Archived entries for Life...

Browser Wars: Episode II The Attack of the DOMs

If you’re in the Bay Area and interested in Web browsers, make plans to come watch Douglas Crockford moderate a panel, Browser Wars: Episode II The Attack of the DOMs, between the Big Four browser vendors. HÃ¥kon Wium Lie (CTO of Opera) and Chris Wilson (Mr IE himself) are already confirmed, and I expect the other two to send big guns too.

It should be a unique and exciting discussion, to say the least.

I expect Crockford to be an excellent moderator – I always enjoy his wit, and he definitely knows his stuff. If you want to see him in action in advance, and learn a ton about the DOM in the process, watch his three-part 78 minute presentation called “An Inconvenient API: The Theory of the Dom” hosted on our YUI Blog.

Open Sourced: Second Life

Interesting new this morning: Second Life (Viewer) in now an open source project. Though I’m not active in Second Life, I’m intrigued and think this development says good things about its future. Very interesting.

They only open-sourced the Viewer, but in many ways — almost by definition — they world/environment is already open-source. I guess the laws of physics for SL are not yet open, but that doesn’t bother me.

Releasing the source now is our next invitation to the world to help build this global space for communication, business, and entertainment. … [W]e welcome the inevitable with open arms.

Update: Marshall Kirkpatrick asks, in a paraphrase of WeBreakStuff, if the open-sourcing of the Viewer is akin to the early WWW days when “the early proliferation of browsers made the web much more usable.”

Quick Comment: Choose Class/ID Names Based on Semantic and/or Structural Meaning

Replying to comments on my 24ways article about YUI Grids, I had occasion to mention the two things to consider when choosing good class and ID names. I want to write more on this, but for now wanted to cross-post my quick note:

Regarding class and ID names:

Names should not be based on appearance, but on meaning. For maximum extensibility, choose names that express semantic meaning (derived from the element’s content), and/or structural meaning (derived from the element’s role in the DOM’s tree). Good structural names include “footer” and “module”; good semantic names include “price” and “date”.

The alternative, what-it-looks-like names such as “left” and “doc950px”, is contextually brittle (i.e., mobile) and temporally brittle (because things change). These are the same reasons professional consensus says class=”redButton” and class=”smallBoldVerdana” are undesirable.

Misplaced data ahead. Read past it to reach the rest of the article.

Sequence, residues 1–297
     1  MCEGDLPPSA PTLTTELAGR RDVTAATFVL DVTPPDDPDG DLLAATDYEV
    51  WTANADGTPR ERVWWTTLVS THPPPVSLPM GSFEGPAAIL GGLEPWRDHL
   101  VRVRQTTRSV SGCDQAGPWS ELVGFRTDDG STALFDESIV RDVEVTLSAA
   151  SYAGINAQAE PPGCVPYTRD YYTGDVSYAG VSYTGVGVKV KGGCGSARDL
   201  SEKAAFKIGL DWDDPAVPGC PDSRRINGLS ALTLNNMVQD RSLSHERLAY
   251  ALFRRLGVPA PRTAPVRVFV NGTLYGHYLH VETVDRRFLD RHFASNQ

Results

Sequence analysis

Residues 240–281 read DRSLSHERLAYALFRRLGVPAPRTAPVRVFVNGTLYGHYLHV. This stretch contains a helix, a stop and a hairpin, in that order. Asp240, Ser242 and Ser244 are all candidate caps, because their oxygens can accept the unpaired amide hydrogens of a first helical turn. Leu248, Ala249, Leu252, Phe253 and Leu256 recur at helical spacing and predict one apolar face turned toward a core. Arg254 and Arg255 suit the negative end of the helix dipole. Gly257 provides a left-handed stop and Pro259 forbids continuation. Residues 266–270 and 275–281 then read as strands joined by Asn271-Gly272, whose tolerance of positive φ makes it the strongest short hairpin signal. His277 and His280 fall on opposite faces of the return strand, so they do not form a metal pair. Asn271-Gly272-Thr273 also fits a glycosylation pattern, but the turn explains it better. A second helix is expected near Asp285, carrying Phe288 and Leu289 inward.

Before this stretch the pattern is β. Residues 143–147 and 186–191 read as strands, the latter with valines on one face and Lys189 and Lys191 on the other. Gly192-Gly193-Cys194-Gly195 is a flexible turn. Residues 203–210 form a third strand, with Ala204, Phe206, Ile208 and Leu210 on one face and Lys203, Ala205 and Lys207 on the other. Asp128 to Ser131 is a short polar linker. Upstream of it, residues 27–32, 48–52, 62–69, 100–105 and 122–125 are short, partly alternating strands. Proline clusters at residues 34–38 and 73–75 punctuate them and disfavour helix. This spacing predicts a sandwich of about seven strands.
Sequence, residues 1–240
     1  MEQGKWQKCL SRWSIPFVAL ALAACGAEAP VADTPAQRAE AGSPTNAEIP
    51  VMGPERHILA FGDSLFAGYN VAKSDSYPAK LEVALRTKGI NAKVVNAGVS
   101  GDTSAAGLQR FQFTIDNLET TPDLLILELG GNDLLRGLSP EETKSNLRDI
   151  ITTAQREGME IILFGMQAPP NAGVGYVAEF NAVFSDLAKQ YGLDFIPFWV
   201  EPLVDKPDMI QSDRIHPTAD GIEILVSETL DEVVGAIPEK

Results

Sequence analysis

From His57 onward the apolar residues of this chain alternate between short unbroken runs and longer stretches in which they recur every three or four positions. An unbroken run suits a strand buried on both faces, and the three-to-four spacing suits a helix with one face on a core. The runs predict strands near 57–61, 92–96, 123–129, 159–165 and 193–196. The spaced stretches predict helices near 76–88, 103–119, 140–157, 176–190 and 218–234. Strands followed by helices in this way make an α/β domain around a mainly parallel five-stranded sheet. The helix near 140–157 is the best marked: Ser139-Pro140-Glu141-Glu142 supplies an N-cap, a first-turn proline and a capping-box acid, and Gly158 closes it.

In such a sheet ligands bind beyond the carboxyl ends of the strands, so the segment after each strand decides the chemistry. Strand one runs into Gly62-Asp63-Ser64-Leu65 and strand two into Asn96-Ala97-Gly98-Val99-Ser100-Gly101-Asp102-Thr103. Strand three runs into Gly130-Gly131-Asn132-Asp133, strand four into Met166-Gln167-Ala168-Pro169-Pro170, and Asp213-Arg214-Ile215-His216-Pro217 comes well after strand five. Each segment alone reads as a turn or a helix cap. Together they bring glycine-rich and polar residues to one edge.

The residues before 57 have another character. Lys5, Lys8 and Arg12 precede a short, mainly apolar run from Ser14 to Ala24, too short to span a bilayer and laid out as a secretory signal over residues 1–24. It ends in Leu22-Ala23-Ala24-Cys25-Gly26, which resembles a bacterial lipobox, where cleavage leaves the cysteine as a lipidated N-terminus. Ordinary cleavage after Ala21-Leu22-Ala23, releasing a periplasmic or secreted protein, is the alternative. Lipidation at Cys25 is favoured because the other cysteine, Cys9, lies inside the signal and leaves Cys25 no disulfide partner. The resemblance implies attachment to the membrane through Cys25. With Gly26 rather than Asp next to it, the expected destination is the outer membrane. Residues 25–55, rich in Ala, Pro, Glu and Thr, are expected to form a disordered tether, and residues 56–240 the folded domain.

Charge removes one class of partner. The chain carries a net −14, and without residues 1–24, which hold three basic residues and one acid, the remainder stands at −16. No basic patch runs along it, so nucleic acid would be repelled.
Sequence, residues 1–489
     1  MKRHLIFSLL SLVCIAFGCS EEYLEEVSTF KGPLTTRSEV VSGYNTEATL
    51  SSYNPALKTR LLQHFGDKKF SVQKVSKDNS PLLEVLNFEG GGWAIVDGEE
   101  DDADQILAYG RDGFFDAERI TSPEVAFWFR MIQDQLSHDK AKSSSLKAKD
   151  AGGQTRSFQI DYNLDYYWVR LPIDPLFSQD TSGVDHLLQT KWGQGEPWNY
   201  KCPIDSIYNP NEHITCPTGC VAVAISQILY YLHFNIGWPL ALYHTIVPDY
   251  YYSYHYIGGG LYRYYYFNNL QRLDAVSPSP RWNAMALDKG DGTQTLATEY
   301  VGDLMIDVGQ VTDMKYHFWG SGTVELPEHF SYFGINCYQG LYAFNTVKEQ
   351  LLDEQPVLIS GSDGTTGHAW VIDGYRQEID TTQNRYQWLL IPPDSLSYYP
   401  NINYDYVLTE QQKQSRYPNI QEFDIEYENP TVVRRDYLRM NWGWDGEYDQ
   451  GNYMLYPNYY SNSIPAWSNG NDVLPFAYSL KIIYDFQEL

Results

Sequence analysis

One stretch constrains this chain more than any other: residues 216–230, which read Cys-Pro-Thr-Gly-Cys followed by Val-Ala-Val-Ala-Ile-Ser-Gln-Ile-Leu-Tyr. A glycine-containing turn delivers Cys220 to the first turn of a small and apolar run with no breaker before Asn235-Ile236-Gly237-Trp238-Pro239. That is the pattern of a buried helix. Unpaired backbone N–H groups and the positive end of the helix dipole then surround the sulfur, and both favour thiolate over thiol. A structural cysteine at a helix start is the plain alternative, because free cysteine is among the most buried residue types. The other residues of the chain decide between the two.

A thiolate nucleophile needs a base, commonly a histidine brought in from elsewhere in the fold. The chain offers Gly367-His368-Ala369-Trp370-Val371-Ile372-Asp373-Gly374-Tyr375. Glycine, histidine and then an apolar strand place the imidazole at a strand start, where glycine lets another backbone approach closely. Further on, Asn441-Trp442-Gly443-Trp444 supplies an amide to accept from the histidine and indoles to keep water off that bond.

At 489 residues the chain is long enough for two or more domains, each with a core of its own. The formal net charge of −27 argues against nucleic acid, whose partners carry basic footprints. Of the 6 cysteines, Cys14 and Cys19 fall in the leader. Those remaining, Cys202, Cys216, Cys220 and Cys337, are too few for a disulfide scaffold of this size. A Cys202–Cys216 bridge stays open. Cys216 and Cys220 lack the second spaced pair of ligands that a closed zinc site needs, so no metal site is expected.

How to Use YUI Grids for Fluid CSS Page Layout

For those of you not reading 24ways each day this month, allow me to point out that I wrote a tutorial for it that’s live right now. It’s called Intricate Fluid Layouts in Three Easy Steps, and teaches you how to build CSS layouts that work on all modern browsers effortlessly using YUI Grids. Enjoy!

Also, I suppose I should let you know that I’m flying out on a redeye flight tonight to start my winter holiday. I hope to write once more before shuttering things, but if I don’t get a chance let me be among the first to wish you a very happy new year.

Flickr Gifts For All

Heather Champ announced yesterday on the Flickr Blog good news for Flickr users Past, Present, and Future. If you’re an existing regular user, your upload quote rose from 20mb to 100mb. If you’re an existing Pro user, your upload quote rose from 2GB to Infinity. If you’re not a current Flickr user, it just got easier for people to gift accounts to you – and no longer just upgrades to pro.

Thank you Flickr!

Help Light The Darfur Wall

Daily Kos posts aerial imagery of the Darfur Genocide from Google Earth. A few clicks later I’d found The Darfur Wall prokect, and lit #193 (You too?). O’Reilly Radar has a bit more info on the few-weeks-old Wall project. (60 Minutes ran eye-opening coverage in October, titled Searching for Jacob.

If you’re in the holiday spirit, there’s no better place than, where you can make an individual’s dream come true for as little as 25 bucks. Kiva’s definitely my favorite site right now – an excellent realization of the world-changing power of the Internet.

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